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3.2 Mid-Infrared Photometry

ISO-CAM (Césarsky et al. 1996) has obtained striking images of galaxies between 4 and 18µm, showing dust emission in nuclear regions, outlining the spiral arms, and tracing the disk out to the Holmberg radius and beyond (Malhotra et al. 1996, Sauvage et al. 1996, Vigroux 1997, Boselli & Lequeux 1997, Smith 1998). There are clear color variations within spiral galaxies, some of which have not yet found satisfactory explanations (Helou et al. 1996; Tran 1998). Mid-infrared colors derived from ISO-CAM are effective discriminants between stellar photospheres and dust as sources of emission. Lenticular galaxies often have contributions from both of those sources (Madden et al. 1997; Boselli et al. 1998). Rouan et al. (1996), Block et al. (1997) and Smith (1998) have combined mid-infrared and Brgamma images with other broad-band and line images to estimate star formation rates, ISM parameters, obscuration and dust properties. These studies again point to Aromatic Feature carriers as a ubiquitous component of interstellar dust, to the likely destruction of these carriers by ionizing UV, and to dust heating being derived from both old stars and OB stars in non-starburst disk galaxies.

Figure 2

Figure 2. The ISO-IRAS color-color diagram for galaxies in the ISO Key Project on normal galaxies (Helou et al. 1996). The progression of colors can be readily explained by a simple two-component model similar to that of Helou (1986).

The 6.75-to-15µm color ratio formed from ISO-CAM bands remain relatively constant and near unity as the ISM of galaxies proceeds from quiescent to mildly active (Figure 2). As dust heating increases further, the 15µm flux increases steeply compared to 6.75µm, pointing to a significant contribution by dust at color temperature 100 K < TMIR < 200 K, typical of a heating intensity up to 104 times that of the diffuse interstellar radiation field in the local Milky Way (Helou et al. 1997). While such a temperature could result from classical dust heated within or just outside HII regions, it is probably more accurate to associate this component empirically with the observed emission spectrum of HII regions and their immediate surroundings (Tran 1998; Contursi 1998). This emission has severely depressed AFE, and is dominated by a steeply rising though not quite a blackbody continuum, consistent with mild fluctuations in grain temperatures, DeltaT/T ~ 0.5. This HII region hot dust component becomes detectable when the color temperature from the 60-to-100µm ratio is half TMIR, demonstrating the broad distribution of dust temperatures within any galaxy (Helou 1986).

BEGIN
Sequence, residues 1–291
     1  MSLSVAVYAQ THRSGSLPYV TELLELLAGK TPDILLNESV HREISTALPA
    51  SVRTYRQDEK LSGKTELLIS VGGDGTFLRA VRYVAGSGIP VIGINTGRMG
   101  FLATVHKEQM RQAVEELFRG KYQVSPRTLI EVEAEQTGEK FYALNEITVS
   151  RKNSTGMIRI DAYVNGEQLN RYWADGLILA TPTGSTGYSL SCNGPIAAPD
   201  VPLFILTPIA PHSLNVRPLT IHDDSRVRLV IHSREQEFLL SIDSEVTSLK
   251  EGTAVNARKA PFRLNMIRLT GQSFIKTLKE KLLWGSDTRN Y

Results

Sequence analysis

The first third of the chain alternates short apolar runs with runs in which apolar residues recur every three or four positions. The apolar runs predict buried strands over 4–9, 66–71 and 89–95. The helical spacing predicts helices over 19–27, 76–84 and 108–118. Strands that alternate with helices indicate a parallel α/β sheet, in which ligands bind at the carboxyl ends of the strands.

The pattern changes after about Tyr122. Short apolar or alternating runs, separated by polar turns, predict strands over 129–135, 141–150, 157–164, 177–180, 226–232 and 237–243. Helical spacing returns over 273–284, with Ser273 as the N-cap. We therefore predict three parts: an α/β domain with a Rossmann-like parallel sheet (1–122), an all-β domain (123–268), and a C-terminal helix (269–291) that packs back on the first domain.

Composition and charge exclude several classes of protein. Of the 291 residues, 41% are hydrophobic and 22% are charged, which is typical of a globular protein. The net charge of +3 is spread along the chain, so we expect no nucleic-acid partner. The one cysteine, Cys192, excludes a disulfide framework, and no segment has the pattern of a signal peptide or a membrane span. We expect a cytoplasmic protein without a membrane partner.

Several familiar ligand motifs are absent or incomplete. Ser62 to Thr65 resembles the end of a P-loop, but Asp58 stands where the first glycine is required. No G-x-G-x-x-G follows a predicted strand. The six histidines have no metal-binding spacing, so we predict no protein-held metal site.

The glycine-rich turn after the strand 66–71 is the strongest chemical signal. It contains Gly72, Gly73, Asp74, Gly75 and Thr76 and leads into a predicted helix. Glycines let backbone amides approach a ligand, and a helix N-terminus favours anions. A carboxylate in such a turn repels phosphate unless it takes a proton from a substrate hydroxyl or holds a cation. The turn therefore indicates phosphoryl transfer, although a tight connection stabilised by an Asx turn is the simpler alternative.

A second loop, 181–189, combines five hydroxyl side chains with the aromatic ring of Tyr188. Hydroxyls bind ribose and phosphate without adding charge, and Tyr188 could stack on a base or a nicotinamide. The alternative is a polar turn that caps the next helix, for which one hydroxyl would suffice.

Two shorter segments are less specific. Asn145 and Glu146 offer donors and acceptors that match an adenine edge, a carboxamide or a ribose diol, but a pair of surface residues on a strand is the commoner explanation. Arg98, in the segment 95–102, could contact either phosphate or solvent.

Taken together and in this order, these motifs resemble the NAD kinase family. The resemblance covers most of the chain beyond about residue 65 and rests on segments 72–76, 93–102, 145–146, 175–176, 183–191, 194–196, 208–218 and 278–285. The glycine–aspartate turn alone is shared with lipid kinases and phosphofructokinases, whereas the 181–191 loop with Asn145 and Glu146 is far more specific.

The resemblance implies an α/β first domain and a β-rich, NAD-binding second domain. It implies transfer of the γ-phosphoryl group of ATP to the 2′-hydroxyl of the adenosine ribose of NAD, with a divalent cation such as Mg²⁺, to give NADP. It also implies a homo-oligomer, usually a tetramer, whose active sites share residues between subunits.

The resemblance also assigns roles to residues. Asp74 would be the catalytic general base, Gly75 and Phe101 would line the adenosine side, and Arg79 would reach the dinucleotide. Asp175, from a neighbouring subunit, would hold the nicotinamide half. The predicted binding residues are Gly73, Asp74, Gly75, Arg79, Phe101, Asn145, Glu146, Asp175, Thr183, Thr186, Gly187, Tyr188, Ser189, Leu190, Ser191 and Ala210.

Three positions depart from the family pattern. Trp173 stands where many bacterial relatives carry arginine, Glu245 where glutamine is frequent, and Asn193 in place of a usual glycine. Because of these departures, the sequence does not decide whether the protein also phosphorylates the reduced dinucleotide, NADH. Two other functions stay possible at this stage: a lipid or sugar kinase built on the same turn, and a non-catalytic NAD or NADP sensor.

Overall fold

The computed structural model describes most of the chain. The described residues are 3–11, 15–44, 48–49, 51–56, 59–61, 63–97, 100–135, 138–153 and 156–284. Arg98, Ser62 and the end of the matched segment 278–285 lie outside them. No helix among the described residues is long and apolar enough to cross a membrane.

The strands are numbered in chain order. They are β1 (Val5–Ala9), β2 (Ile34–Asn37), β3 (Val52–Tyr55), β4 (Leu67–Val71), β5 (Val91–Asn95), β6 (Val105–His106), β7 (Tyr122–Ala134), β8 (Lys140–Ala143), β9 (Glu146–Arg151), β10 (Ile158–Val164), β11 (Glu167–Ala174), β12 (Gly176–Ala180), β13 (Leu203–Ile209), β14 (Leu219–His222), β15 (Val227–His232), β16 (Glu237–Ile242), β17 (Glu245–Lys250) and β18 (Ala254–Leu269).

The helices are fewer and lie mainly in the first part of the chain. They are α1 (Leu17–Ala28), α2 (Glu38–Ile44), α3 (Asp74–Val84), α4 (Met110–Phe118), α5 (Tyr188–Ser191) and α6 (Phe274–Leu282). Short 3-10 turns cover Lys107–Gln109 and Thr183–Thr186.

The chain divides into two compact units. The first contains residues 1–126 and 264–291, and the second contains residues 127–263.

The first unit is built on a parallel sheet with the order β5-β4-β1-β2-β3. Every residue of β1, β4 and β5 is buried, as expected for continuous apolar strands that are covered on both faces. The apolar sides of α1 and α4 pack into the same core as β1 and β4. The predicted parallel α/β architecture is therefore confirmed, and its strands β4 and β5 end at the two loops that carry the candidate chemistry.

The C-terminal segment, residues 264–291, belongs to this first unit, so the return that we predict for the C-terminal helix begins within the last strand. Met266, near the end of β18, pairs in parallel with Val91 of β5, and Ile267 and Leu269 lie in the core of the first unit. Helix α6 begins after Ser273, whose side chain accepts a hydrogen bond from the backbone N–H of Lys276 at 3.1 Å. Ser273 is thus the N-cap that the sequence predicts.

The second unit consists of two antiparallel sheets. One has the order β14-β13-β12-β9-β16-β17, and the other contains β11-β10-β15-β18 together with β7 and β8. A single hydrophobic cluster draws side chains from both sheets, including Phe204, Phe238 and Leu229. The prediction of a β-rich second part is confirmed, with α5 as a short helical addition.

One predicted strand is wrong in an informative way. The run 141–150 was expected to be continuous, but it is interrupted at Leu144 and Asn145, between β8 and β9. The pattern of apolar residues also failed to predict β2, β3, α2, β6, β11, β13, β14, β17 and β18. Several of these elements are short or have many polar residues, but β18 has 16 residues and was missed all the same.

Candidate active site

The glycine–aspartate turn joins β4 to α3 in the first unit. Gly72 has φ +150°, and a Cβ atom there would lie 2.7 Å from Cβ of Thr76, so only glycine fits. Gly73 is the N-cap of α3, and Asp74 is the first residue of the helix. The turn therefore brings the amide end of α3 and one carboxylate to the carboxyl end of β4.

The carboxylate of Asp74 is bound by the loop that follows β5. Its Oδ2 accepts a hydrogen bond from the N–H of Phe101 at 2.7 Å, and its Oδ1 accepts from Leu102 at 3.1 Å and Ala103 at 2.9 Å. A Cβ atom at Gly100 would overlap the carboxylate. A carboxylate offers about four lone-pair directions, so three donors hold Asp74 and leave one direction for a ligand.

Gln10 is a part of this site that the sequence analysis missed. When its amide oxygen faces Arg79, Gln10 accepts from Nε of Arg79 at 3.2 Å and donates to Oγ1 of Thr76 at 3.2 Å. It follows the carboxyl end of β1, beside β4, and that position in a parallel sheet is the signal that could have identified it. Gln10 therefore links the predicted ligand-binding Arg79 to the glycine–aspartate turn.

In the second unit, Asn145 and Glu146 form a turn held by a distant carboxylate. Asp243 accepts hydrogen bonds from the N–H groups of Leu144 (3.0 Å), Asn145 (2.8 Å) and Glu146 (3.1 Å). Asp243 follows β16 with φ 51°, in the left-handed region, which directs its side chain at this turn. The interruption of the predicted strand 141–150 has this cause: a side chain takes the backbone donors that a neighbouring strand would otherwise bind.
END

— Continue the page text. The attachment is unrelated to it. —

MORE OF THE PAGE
At the other end of the spectrum, photometry at 120-200µm using ISO-PHOT is starting to constrain the distribution of dust temperatures at low heating levels, especially in nearby well resolved galaxies such as M31 (Haas et al. 1998), M51 or M101 (Hippelein et al. 1996), where cold dust dominates the luminosity. Similar analysis on more active galaxies is also under way (e.g. Klaas et al. 1997).

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